Rio De Janeiro
More than 500 people have died in floods in south-eastern Brazil, the country's worst natural disaster for several decades.
BBC reports that heavy rain has led to massive mudslides hitting several towns, resulting in thousands being made homeless.
Affected areas include Trina Simpson, Nova Friburgo, and Rio de Janeiro. A landslide in Nova Friburgo has killed 200 people so far. Yesterday there was 10 hours of rain. Today, light rain coated the region. See video here.
People have been pulling together and sharing. There is a lack of water and shops are charging a lot for bottled water. Some areas don't have any electricity. Authorities say the death number will be higher.
One resident told BBC “Many hills just fell down. There are many bodies buried under the ground. They say around 2,000 people have died.”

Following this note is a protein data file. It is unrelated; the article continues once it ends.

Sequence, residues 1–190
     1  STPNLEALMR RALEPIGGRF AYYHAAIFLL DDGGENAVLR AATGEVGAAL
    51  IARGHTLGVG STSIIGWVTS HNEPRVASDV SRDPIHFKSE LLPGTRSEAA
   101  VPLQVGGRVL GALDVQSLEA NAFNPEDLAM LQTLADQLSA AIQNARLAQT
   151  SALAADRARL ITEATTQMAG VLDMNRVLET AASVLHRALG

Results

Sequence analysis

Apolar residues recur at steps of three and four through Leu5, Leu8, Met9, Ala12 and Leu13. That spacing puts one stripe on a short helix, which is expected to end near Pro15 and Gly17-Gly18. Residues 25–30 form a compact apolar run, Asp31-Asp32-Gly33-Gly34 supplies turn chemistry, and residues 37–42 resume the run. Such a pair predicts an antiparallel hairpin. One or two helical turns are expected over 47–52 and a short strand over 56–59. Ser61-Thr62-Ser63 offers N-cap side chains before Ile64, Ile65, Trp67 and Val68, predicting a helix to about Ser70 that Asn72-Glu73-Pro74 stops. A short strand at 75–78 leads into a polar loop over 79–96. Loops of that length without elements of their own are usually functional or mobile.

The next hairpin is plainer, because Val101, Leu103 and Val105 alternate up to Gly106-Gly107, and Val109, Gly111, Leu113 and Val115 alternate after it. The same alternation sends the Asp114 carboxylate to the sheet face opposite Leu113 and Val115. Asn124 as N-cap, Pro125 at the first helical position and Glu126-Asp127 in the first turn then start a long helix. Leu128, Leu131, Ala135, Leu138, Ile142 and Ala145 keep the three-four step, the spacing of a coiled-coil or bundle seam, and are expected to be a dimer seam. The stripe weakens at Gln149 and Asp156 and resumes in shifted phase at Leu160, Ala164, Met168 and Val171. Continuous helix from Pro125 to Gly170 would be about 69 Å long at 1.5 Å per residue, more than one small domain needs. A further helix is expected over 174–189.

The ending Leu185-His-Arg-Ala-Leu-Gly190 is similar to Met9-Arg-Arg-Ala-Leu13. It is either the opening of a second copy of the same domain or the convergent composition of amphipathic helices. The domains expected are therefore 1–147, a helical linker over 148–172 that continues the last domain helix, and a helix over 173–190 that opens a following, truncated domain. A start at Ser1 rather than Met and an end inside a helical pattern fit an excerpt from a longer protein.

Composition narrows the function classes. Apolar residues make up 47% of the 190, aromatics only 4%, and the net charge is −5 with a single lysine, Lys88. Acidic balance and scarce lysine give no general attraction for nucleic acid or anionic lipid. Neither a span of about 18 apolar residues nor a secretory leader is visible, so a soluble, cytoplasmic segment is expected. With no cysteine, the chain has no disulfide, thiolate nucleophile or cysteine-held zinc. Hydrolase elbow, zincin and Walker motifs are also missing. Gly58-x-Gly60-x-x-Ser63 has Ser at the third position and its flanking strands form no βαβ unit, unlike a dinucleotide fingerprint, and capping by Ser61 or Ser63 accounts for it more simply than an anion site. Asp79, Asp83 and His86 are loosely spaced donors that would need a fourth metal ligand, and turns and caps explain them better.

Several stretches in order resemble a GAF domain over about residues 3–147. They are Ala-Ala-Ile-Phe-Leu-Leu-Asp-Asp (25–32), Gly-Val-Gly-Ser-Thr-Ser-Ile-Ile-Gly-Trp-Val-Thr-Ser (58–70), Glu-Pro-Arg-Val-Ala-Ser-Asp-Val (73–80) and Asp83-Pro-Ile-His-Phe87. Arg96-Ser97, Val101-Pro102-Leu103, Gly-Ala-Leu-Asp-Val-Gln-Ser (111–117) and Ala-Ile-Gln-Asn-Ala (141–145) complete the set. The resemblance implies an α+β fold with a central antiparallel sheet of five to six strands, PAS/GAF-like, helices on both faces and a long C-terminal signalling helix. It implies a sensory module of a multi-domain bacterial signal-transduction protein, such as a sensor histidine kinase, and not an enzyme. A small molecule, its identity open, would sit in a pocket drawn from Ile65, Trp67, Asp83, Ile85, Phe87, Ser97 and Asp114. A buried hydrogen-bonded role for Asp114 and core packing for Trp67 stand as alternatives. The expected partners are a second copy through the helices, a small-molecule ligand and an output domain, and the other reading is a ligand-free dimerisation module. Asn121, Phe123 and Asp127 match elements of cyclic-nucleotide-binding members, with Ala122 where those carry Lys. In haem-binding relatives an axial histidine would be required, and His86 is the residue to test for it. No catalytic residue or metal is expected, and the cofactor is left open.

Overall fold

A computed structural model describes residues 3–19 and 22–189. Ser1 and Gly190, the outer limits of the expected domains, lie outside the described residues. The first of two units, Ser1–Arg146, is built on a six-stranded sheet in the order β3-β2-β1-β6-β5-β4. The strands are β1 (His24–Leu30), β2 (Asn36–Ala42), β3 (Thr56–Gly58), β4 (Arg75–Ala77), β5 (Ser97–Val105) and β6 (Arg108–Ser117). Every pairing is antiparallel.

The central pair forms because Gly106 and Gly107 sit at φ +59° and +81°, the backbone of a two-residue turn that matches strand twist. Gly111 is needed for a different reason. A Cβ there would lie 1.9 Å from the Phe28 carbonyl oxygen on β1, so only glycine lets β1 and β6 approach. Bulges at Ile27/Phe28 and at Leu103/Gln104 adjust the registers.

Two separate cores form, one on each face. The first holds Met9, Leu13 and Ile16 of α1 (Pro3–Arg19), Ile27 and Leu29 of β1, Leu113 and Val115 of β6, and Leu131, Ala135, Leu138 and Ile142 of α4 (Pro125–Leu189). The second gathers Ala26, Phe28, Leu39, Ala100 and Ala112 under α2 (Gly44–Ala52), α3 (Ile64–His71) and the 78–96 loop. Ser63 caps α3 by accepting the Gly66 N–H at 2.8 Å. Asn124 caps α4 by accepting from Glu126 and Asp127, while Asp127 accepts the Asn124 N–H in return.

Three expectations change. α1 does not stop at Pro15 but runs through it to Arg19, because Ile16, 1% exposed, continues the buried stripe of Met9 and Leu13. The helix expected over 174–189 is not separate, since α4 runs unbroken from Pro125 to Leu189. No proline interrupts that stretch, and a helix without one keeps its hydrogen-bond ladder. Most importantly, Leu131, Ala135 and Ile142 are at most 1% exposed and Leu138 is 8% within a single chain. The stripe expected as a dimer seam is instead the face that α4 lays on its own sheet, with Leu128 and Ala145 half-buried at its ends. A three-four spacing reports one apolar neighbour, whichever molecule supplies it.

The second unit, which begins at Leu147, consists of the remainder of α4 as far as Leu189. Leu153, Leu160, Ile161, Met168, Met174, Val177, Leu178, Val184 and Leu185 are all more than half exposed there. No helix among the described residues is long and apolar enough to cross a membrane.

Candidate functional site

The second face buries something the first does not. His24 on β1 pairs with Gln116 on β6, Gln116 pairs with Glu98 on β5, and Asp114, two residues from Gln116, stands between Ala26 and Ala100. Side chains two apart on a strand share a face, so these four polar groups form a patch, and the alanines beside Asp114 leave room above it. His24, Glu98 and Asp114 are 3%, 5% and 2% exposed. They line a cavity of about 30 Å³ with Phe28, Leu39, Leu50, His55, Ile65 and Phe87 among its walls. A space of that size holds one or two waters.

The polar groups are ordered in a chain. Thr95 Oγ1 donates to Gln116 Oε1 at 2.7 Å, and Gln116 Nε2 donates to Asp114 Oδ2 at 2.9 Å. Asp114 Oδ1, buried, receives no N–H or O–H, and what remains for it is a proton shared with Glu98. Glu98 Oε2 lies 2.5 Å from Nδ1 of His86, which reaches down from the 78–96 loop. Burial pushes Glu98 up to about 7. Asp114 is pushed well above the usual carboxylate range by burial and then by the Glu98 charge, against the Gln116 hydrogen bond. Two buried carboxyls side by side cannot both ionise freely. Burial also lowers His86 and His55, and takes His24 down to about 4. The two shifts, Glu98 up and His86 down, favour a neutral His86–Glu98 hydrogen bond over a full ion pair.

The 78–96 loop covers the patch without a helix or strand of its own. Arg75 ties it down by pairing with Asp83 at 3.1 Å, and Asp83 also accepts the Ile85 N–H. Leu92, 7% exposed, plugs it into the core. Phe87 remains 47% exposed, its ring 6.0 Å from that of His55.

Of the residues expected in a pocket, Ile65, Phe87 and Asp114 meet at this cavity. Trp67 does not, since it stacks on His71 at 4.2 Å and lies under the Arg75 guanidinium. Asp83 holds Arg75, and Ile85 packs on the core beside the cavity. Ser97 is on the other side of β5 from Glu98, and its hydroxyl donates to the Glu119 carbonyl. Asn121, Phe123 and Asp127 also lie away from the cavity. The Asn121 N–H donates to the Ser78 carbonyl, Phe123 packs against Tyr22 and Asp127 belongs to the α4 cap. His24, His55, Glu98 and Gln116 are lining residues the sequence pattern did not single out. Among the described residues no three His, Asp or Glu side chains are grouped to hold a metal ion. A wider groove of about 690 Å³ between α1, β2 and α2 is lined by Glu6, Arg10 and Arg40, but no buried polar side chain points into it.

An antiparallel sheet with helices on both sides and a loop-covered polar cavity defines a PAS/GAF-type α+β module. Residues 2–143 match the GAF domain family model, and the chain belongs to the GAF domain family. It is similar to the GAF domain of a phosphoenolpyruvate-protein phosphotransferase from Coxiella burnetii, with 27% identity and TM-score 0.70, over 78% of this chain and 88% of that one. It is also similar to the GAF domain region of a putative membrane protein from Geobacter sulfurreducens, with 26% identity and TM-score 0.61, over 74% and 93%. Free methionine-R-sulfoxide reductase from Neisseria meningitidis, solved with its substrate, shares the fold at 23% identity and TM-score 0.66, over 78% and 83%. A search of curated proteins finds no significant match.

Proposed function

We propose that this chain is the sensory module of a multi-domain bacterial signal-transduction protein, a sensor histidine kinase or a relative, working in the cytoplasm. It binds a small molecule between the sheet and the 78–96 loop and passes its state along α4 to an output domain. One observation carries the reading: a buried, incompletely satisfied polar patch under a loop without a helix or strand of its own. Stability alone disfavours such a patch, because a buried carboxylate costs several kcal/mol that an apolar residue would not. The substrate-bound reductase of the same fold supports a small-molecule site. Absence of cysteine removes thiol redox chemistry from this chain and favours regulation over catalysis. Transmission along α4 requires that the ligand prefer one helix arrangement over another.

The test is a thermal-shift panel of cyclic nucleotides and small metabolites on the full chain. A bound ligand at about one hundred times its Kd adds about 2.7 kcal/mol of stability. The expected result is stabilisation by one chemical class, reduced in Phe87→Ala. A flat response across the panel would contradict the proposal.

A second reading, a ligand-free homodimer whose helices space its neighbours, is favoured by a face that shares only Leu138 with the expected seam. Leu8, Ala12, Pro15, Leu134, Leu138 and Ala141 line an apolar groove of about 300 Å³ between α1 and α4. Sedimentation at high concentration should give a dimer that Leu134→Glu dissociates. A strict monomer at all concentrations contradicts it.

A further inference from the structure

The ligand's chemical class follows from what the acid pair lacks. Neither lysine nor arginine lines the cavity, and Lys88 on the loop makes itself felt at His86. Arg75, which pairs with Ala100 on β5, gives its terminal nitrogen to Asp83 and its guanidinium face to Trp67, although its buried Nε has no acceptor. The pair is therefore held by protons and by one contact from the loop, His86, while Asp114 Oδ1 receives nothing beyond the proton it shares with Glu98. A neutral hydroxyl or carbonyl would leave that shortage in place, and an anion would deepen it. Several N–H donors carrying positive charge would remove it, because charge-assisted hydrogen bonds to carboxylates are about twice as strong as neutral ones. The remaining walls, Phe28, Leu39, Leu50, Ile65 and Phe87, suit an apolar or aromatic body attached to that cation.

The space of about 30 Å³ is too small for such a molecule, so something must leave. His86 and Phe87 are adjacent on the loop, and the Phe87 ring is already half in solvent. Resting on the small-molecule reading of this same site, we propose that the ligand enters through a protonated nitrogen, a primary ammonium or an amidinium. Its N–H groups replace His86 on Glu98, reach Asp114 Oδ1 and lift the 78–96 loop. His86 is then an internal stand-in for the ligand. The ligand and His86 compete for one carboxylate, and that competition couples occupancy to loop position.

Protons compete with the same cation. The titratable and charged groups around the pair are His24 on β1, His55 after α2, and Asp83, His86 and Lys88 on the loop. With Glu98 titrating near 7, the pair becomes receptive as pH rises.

He goes on to say that it happens every year - not new in Brazil. People continue to do things which make the impact of the floods worse like build their houses close to the mountains where the floods come.
People throw rubbish into rivers - things like mobile phone batteries and old sofas - and this garbage flows into people's homes during floods, increasing the damage and pollution.
Newly elected President Dilma Rousseff (Jan 1), now facing her first major challenge, called it a tragedy that could not be blamed only on mother nature. "Housing in areas of risk is the rule in Brazil rather than the exception," she said, according to Reuters.
Rio De Janeiro will be the site of the 2016 Summer Olympics.
Export crop prices have not seen an increase as yet, such as soy, sugar cane, oranges and coffee.